Elevated adenosine deaminase levels in celiac disease

Cakal B., Beyazit Y., Koklu S., Akbal E., Biyikoglu I., YILMAZ G.

Journal of Clinical Laboratory Analysis, vol.24, no.5, pp.323-326, 2010 (Peer-Reviewed Journal) identifier identifier

  • Publication Type: Article / Article
  • Volume: 24 Issue: 5
  • Publication Date: 2010
  • Doi Number: 10.1002/jcla.20410
  • Journal Name: Journal of Clinical Laboratory Analysis
  • Journal Indexes: Science Citation Index Expanded, Scopus
  • Page Numbers: pp.323-326
  • Keywords: Adenosine deaminase, Celiac disease, Gluten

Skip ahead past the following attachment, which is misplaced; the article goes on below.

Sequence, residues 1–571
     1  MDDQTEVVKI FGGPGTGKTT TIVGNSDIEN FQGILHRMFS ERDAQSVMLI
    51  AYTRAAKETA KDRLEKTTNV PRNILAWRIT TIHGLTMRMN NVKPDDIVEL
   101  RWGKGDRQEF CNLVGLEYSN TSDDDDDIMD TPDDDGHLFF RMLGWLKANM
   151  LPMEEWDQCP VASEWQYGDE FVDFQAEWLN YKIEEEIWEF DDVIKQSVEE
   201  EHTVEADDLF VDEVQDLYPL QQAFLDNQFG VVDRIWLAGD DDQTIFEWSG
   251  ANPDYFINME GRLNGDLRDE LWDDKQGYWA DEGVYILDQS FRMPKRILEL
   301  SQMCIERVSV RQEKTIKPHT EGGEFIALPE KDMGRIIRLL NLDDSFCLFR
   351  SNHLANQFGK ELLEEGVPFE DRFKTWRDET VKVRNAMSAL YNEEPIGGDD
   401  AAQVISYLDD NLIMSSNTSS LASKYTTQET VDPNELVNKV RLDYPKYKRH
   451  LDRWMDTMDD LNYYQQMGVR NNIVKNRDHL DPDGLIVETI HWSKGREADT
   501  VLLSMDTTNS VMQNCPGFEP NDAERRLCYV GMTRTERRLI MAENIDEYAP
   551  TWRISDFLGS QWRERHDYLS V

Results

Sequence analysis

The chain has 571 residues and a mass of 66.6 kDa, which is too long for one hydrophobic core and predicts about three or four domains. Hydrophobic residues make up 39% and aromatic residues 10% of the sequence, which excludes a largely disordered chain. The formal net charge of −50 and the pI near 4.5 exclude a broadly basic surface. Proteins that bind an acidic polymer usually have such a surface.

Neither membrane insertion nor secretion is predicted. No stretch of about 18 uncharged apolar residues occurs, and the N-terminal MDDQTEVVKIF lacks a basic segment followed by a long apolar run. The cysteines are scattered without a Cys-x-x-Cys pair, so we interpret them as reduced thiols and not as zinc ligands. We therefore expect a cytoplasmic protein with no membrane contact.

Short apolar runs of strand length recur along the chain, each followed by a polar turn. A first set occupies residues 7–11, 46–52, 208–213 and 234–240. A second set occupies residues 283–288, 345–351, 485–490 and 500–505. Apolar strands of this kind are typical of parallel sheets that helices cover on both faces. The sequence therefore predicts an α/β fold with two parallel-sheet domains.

Celiac disease (CD) is a genetically based chronic inflammatory disorder of the small bowel induced by the dietary gluten and possibly other environmental cofactors. The objective of this study was to investigate the relation of adenosine deaminase (ADA), a cytoplasmic enzyme involved in the catabolism of purine bases, as an index of altered immune response, with adult CD patients. ADA has been shown to increase in several inflammatory conditions, but there is no literature data indicating an alteration in CD. Serum levels of ADA were investigated in newly diagnosed 20 CD patients. ADA levels were compared in patients with CD and in healthy controls. Correlation analysis was also performed between ADA and other serum markers of CD (anti-gliadin and antiendomysial antibodies) Mean serum ADA levels were significantly elevated in CD patients compared with control group. ROC curve analysis suggested that the optimum ADA level cut-off point for CD was 12.27U/l. At a cut-off value of 12.27U/l, the sensitivity was 80% and specificity was 100%. There was no statistically significant correlation between ADA and anti-gliadin and anti-endomisium antibodies. Serum ADA levels elevated significantly in CD patients, suggesting a partial role in activated T-cell response in the disease pathophysiology. ADA can be used as a supportive diagnostic marker in patients with CD. © 2010 Wiley-Liss, Inc.